When everything else has failed, sometimes a “stay” of removal is the last option to save your case! In order to request a typical stay of deportation or removal, you must file Form I-246, Application for Stay of Deportation of Removal, with the local Enforcement and Removal Operations (ERO) office of U.S. Immigrations and Custom Enforcement. Along with your application, you must provide current and valid passports for you and your family, copies of your birth certificates and/or identity documents, and any police reports and court documents relating to any arrests and criminal convictions that you have on your records. You also must pay a $155 fee to process your application. You also must provide ERO with evidence supporting your claim that you should not be deported or removed from the United States to your home country. This evidence will differ from case to case. The strongest types of evidence will include letters from friends and family members that show your good moral character, documented evidence showing how long you have been present in the U.S., and evidence of any medical or psychological hardship that your close family member who depends on you would suffer if you were deported. Additionally, if you do have any arrests or criminal convictions, you should provide evidence that you have been rehabilitated since the time of the arrest or conviction. You should be aware that ICE currently has a set of guidelines to follow in deporting immigrants. In other words, if your case does not fall into one of the ICE priority classifications, then you may be eligible for a stay of removal. This means that you could stay in the U.S. longer, even though you technically could be removed or deported at any time. In general, ICE may exercise prosecutorial discretion and grant you a stay of removal if your case contains one of the following factors:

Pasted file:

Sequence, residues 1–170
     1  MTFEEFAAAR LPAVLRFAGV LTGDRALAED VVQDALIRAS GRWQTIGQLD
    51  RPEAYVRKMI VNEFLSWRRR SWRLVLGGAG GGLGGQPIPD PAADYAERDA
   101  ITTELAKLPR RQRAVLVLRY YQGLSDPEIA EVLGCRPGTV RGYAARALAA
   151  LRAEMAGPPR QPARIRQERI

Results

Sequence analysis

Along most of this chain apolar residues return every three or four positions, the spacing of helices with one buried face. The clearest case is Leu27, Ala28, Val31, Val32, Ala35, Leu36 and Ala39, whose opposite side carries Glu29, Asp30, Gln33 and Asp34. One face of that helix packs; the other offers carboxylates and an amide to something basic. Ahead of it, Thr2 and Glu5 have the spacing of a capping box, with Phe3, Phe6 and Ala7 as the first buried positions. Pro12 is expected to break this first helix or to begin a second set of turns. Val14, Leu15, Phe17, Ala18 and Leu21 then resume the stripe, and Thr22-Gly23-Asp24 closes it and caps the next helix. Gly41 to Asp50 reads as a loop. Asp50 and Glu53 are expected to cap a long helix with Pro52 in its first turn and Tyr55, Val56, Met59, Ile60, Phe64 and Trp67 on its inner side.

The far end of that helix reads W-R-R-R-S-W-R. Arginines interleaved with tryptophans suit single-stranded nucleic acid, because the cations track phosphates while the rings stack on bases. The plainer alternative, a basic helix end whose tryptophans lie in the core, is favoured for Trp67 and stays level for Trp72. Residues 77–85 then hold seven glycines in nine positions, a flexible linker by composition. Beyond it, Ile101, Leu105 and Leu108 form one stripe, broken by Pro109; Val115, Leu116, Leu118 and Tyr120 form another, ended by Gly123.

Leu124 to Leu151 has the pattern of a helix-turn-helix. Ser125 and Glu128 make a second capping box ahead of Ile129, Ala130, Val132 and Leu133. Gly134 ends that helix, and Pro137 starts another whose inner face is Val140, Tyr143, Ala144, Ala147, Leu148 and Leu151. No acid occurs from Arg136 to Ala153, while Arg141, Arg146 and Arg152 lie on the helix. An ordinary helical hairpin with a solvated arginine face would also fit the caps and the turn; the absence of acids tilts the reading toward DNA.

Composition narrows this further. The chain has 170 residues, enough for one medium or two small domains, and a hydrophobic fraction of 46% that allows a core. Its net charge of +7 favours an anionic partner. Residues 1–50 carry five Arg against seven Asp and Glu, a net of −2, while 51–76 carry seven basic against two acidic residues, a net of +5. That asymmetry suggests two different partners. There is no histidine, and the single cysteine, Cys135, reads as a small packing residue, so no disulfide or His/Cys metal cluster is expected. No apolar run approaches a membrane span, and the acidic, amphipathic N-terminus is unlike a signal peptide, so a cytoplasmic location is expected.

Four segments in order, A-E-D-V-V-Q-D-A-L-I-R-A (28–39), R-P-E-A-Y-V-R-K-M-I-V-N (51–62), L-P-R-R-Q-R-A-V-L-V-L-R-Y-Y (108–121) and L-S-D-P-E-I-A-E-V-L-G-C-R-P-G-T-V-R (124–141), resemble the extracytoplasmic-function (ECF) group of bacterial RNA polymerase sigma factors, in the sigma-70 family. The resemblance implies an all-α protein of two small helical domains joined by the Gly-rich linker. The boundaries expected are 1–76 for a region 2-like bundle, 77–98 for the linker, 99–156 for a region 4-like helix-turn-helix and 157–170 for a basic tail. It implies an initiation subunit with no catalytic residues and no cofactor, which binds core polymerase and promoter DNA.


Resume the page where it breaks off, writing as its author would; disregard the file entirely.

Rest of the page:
• Extenuating circumstances concerning the offense of conviction
  • Extended time period since the offense of conviction
  • Length of time in the United States
  • Military service
  • Family or community ties in the United States
  • Status as a victim, witness, or plaintiff in civil or criminal proceedings
  • Compelling humanitarian factors, such as age, poor health, pregnancy, a young child, or a seriously ill family member

Other similar factors also may contribute to the ICE analysis of a request for stay of deportation or removal. ICE must consider the totality of the circumstances in analyzing and processing your request. Obviously, the more detailed and extensive information concerning one or more of these factors that you can provide to ICE with your application, the more successful your application is likely to be. Whether you potentially are eligible to file an I-246 stay, or another mechanism that would allow you to remain in the U.S., we devote all of our efforts to advocating on behalf of you and your family before the immigration court and ICE. Don’t hesitate to contact the Bay Area immigration lawyers of Landerholm Immigration, A.P.C., and set up your free evaluation today. We are here to help!